How does national pension debt affect public workers?
The pension debt carried by governments is costly to pay down and creates pressure on the public budget. It may cause an increase in required pension contributions for public employees or benefit reduction like the elimination of cost-of-living (COLA) adjustments for retirees, which in an era of record inflation is increasingly important. Higher employee contribution rates means less money in public workers’ paychecks—and in recent years, the first number has been growing while the latter shrinks.
Public sector workers who are also enrolled in Social Security paid 160 basis points more (a 36.5% increase) during the 2022 fiscal year than they did during the 2001 fiscal year and 23.7% more than they did in 2008 before the financial crisis. Those who do not participate in Social Security paid 14.3% more this year than in 2001 and 10.1% more than 2008.
In times of economic hardship, higher contribution rates for governments may also result in higher property taxes, delayed raises, cuts in school funding, and a reduction in essential services like public sanitation.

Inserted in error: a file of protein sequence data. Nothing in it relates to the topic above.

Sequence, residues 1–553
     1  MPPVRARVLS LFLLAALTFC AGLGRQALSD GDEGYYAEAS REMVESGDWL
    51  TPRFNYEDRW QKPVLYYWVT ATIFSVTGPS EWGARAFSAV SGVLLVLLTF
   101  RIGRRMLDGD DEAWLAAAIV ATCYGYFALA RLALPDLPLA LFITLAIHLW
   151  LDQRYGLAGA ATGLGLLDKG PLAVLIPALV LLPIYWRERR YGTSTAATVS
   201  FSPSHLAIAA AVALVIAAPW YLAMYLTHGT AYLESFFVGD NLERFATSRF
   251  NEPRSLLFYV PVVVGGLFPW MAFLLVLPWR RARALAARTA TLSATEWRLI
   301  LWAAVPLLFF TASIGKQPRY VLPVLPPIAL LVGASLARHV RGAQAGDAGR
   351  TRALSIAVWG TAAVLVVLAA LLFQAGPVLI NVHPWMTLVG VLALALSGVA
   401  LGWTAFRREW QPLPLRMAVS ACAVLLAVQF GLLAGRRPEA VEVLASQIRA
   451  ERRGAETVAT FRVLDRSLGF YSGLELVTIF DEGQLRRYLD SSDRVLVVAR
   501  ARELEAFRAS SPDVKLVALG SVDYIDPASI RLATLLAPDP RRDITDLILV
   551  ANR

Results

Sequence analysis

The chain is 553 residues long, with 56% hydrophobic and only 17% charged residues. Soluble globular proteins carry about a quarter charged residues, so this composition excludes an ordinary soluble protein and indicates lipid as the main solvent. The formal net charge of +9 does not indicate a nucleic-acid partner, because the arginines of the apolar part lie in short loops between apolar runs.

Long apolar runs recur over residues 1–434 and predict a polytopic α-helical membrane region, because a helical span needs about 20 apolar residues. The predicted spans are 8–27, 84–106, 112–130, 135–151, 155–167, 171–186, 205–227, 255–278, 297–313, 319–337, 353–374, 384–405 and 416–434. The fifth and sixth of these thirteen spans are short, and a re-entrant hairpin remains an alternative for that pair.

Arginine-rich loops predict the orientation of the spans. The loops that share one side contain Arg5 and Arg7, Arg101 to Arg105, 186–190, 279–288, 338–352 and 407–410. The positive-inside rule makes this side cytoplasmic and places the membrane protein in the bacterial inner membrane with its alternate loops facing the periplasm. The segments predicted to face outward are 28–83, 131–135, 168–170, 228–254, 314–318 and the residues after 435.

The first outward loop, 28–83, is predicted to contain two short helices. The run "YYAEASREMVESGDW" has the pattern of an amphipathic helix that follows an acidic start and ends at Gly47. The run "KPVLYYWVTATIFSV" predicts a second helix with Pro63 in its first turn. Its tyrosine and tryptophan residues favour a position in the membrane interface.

State of Pensions 2022: Public Pension Plans Are Managing Their Debt with Risk and Responsibility
How are pension plans investing their assets?
To try and make up for negative pension funding trends like lower projected returns on stocks and bonds, states are continuing to utilize alternative investments like hedge funds and private equity strategies to chase higher returns.
Since 2001, pension funds have placed a higher percentage of their assets into hedge funds, real estate, and private equities, investment categories known for a lack of transparency, as well as volatility in times of economic uncertainty.
Ultimately, as state pension funds are in competition with each other on these deal and market strategies statistically speaking there are going to be plans that lose out on this work. Unless state pension funds have particularly better success than the market, it is likely that the net average result across all plans will be relatively modest performance at best and at worst performance below passive equity investment strategies.
Some of the alternative investments that state pension funds have adopted might produce higher returns and might help hedge against sharp downturns in the stock market. But they also carry much higher risks that are only justifiable if the objective is to try and earn an unreasonably high assumed rate of return target.
How are states responding to the volatile market’s risks and rewards?
While pension funds are shifting their assets into riskier types of investments, a widespread trend around the country during the past year was to use supplemental funds, rainy day funds, and budget surpluses to make one-time contributions into state pension funds, totaling more than $12 billion in supplemental contributions.